The Keto diet has been taking over for the past few years. According to research, it creates significant cellular changes resulting in increased mobilisation, transport, uptake and oxidation of fat during exercise, even in elite athletes who purposely train to optimise fat oxidative pathways. These research findings ignited curiosity amongst endurance athletes, coaches and scientist and raised few questions.
- Is it possible to replace carbohydrate loading with ‘fat loading’ and can fuelling on predominantly fat lead to improvements in endurance performance?
- How long does it take to become ‘keto-adapted’?
- Could periodising ketogenic diet with high carb availability provide alternative strategy to enhance endurance performance?
Several trials conducted between 1983 and 2020 compared Ketogenic- Low Carb High Fat Diet (LCHF, we will call it just keto in this article), to high carbohydrate diets, non-ketogenic low carb diets as well as hybrid diets such as keto with extra carbohydrates added on heavy training days or before and during an endurance event as well as carbohydrate cycling (periods of keto and high carb). They used various methods, diet strategies and sporting events (cycling, running and race walking) and ended up with more or less same results.
- None of the studies found a performance advantage with keto. Although most trials reported that the ketogenic diet was not detrimental to endurance performance, studies testing 5km treadmill run and 10km race-walk experienced notable performance impairment.
- Nearly all studies found a significant increase in fat oxidation and loss of body mass and/or fat mass with keto.
- Most trials had issues with subjects adhering to the diet for the whole duration which was four weeks minimum
- The time we need to become keto-adapted depends on how fit we are, it seems. Although most studies stated that the full adaptation requires 3-4 weeks, a recent study from 2020 found that elite athletes took only 5-10 days to achieve high rates of fat oxidation on a keto diet as well as on very low carb non-ketogenic diets.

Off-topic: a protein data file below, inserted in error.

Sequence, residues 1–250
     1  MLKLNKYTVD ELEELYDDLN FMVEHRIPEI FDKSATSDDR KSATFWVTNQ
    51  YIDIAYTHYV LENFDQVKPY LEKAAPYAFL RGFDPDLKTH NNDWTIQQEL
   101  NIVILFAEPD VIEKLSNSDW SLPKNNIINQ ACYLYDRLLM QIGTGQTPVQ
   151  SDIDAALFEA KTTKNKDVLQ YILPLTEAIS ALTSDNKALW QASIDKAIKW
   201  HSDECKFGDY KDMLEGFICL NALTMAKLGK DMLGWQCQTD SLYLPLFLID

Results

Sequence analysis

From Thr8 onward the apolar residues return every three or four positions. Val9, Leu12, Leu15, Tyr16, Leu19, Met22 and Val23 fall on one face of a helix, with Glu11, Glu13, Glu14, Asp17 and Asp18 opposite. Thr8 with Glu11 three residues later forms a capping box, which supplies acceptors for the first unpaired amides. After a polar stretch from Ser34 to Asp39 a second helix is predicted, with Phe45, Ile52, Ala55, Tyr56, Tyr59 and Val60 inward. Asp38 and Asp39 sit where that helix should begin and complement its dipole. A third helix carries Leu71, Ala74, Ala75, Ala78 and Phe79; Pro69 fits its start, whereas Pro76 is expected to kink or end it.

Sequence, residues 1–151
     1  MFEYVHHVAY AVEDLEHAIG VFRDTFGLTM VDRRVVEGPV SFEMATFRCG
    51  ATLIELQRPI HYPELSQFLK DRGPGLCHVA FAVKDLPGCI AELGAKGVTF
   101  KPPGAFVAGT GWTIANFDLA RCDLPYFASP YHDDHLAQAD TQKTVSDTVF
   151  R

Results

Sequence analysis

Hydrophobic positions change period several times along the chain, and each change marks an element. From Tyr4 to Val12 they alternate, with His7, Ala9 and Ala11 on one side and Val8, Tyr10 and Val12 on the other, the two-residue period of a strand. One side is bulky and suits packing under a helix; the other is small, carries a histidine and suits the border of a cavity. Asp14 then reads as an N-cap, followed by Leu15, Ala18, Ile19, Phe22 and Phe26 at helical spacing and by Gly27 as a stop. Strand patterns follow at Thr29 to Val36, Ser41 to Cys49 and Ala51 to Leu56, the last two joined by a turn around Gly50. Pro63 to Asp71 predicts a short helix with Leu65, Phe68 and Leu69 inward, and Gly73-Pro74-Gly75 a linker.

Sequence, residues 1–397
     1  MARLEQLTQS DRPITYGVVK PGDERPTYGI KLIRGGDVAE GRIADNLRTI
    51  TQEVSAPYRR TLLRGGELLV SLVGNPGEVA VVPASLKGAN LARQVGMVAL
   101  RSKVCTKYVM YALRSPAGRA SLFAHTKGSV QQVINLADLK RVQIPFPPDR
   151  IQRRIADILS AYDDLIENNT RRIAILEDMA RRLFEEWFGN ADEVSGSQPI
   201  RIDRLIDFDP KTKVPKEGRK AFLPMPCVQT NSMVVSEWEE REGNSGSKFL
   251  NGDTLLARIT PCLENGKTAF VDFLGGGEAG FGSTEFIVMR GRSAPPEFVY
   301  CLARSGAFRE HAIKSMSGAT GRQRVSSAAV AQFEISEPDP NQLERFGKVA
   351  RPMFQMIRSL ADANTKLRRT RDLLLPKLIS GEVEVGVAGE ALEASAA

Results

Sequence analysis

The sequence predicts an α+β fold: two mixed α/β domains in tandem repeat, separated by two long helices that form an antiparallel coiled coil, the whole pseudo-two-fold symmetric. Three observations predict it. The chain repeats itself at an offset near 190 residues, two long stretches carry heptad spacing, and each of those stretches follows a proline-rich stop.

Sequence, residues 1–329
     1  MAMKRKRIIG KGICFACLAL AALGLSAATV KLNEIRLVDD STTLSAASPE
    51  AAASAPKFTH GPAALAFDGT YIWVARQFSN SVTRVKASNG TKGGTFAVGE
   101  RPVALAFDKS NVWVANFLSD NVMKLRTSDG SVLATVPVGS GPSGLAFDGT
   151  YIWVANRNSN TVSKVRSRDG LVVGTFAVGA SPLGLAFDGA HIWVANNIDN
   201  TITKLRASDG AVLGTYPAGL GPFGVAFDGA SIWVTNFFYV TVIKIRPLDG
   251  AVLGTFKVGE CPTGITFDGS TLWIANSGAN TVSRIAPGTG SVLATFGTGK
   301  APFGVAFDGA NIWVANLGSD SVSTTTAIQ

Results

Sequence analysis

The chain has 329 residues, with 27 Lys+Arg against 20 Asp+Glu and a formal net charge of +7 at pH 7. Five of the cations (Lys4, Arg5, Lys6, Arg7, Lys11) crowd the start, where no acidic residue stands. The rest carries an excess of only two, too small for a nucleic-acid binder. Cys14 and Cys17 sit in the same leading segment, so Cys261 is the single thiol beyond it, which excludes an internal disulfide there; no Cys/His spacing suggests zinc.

- Before we get adapted, we experience the so-called ‘keto-flu’, which presents itself as a reduction in well‐being (e.g. fatigue, irritability, loss of concentration) and increase in perception of effort during exercise. The muscles and brain simply suffer from the lack of carbohydrate and it takes time to switch to using fat and ketones. Electrolyte and fluid imbalances resulting from the initial renal response to the keto diet are another reason why we feel unwell in the first week or so.
The verdict - can ketogenic diet enhance endurance performance?
Being a top athlete takes a toll on the body and it’s not necessarily the healthiest way to live. Unless you are an elite endurance athlete trying for the Olympic games, you don’t need to carb load and can totally race and thrive on keto. It will not make much difference to your performance plus you might lose more fat if that’s your goal.
The carb-appropriate diet
However, in our opinion, a ‘carb-appropriate diet’ is the way to go if your goal is optimal health, antiaging and injury-free life. Carb-appropriate diet means that you eat more carbohydrates on your heavy training days and race days and low carb or keto when you sit at your desk all day. This way of eating also allows you to cover all your micronutrients (vitamins, minerals, phytonutrients) and fibre, which can be difficult on a strict keto. We’ve covered this in our previous article on ketogenic diet.